Democratic presidential candidate John Kerry (search) said Thursday that Iraq's Ayad Allawi (search) was sent before Congress to put the "best face" on a Bush administration policy that has gone wrong.
Shortly after Allawi, the interim government's prime minister, gave a rosy portrayal of progress toward peace in Iraq, Kerry said the assessment contradicted Allawi's own statements as well as the reality on the ground.
"I think the prime minister is obviously contradicting his own statement of a few days ago, where he said the terrorists are pouring into the country," Kerry said. "The prime minister and the president are here obviously to put their best face on the policy, but the fact is that the CIA estimates, the reporting, the ground operations and the troops all tell a different story."
Kerry was referring to comments Allawi made Sunday on ABC's "This Week." But Allawi also expressed optimism about the mission in that appearance.
"Foreign terrorists are still pouring in, and they're trying to inflict damage on Iraq to undermine Iraq and to undermine the process, democratic process in Iraq, and, indeed, this is their last stand," Allawi said. "So they are putting a very severe fight on Iraq. We are winning. We will continue to win. We are going to prevail."
Allawi told a joint meeting of Congress Thursday that democratic elections will take place in Iraq in January as scheduled, but Kerry said that was unrealistic.
"The United States and the Iraqis have retreated from whole areas of Iraq," Kerry told reporters outside a Columbus firehouse. "There are no-go zones in Iraq today. You can't hold an election in a no-go zone."
Kerry said Bush should convene a summit of international leaders to ask for their help in Iraq. He also said the president missed an opportunity to get foreign support during two days of diplomacy at the United Nations this week.
"The president skedaddled out of New York so quickly he barely had time to talk to any leaders," Kerry said.
The Democrat's campaign also rolled out a new television ad that says while Bush "keeps telling us things are getting better in Iraq ... the facts tell a different story." "Terrorists are pouring into the country. Attacks on U.S. forces are increasing every month. A thousand American soldiers have died," the ad says.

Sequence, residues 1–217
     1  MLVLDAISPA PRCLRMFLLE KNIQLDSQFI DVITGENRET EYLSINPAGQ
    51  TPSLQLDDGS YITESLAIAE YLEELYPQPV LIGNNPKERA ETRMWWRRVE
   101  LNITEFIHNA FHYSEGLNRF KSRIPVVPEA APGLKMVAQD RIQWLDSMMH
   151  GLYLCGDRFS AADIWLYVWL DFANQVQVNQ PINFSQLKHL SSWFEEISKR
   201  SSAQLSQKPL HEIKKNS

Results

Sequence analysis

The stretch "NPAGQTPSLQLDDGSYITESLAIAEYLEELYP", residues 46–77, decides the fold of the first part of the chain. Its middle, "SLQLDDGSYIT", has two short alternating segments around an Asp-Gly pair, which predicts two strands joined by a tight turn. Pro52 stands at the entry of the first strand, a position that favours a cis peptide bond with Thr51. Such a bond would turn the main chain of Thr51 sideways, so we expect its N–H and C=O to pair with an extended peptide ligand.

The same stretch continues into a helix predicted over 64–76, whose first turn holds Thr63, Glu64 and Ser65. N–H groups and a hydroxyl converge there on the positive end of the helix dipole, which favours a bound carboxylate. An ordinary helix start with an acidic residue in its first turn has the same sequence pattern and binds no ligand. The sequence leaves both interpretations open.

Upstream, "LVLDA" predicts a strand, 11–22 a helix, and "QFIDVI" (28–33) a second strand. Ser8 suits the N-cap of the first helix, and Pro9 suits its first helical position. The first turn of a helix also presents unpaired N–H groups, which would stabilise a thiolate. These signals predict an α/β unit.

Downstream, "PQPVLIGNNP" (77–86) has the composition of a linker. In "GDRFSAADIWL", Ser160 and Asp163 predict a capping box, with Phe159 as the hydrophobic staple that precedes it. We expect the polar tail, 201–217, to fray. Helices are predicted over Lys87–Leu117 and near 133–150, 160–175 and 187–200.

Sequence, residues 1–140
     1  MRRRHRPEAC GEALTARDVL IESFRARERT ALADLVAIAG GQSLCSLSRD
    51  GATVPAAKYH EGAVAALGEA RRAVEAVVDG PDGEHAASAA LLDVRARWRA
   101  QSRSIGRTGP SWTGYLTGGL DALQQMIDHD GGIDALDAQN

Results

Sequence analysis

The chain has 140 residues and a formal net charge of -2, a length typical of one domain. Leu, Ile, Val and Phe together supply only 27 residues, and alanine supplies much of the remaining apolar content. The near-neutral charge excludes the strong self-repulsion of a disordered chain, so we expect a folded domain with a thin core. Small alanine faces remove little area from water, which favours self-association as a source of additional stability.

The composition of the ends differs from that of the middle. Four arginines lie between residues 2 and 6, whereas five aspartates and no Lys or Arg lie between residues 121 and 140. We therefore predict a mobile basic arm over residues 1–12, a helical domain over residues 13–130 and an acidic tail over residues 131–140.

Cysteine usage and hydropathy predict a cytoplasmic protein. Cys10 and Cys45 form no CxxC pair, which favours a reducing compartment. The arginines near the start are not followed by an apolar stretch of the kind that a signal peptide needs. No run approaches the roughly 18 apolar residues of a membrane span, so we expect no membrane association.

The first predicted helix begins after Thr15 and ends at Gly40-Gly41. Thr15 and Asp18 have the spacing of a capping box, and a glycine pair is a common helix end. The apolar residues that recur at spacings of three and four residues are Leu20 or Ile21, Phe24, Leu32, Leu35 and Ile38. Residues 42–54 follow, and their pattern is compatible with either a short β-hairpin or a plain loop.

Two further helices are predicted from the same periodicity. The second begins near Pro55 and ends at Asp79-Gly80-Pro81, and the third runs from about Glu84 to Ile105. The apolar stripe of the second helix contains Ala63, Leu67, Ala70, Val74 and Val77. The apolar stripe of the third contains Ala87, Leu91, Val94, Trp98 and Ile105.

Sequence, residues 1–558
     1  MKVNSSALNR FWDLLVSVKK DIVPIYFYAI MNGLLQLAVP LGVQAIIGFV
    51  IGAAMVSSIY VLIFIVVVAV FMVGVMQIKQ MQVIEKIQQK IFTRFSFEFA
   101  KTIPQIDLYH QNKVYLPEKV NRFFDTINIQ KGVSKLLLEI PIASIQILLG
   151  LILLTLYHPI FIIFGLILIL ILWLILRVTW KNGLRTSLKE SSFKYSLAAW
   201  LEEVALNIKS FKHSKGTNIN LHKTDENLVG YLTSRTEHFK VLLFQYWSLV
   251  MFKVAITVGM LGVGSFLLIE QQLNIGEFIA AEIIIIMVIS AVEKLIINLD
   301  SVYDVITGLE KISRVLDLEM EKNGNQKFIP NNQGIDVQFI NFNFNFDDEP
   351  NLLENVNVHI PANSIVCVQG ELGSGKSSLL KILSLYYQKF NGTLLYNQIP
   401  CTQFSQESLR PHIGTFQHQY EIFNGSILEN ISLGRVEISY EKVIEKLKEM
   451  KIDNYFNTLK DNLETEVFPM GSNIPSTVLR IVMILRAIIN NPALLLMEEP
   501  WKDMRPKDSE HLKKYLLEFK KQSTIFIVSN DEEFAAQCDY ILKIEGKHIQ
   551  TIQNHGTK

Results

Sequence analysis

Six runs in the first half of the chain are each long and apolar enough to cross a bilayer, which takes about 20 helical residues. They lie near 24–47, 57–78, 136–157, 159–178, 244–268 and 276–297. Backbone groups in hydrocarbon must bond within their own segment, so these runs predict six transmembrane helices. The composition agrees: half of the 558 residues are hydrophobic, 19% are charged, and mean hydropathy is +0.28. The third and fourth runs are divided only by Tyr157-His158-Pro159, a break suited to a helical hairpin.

Kerry's remarks and the ad came one day after he told The Associated Press that Bush's statement that a "handful" of people were willing to kill to stop progress in Iraq was a blunder that showed he was avoiding reality.
"George Bush retreated from Fallujah and other communities in Iraq which are now overrun with terrorists and threaten our troops," Kerry said in the brief interview Wednesday. "And even today, he blundered again saying there are only a handful of terrorists in Iraq. I think he's living in a make believe world."
Bush, campaigning in Pennsylvania on Wednesday, said: "It's hard to help a country go from tyranny to elections to peace when there are a handful of people who are willing to kill in order to stop the process. And that's what you're seeing on the TV screens."
Asked about the "handful" remark on Thursday, Bush said, "My point is that a few people, relative to the whole, are trying to stop the march of freedom." He said, "Look, I'm fully aware we're fighting former Baathists and Zarqawi network people. But by far the vast majority of people, among 25 million people, want to live in freedom."
Kerry's voice was scratchy and breaking from a cold on Wednesday. He canceled most public events for Thursday in Columbus and in Iowa to rest his voice, though his words were clear at the firehouse. The campaign said running mate John Edwards would take Kerry's place in Iowa.
Kerry spoke to the AP in West Palm Beach, Fla., shortly before boarding a flight to Columbus and after Vice President Dick Cheney delivered a scathing attack on the Democrat. Speaking to reporters after meeting with Republican leaders on Capitol Hill, Cheney argued that Kerry has a penchant for wavering that makes him a weak alternative to a "steadfast leader, which is exactly what we have in President George W. Bush."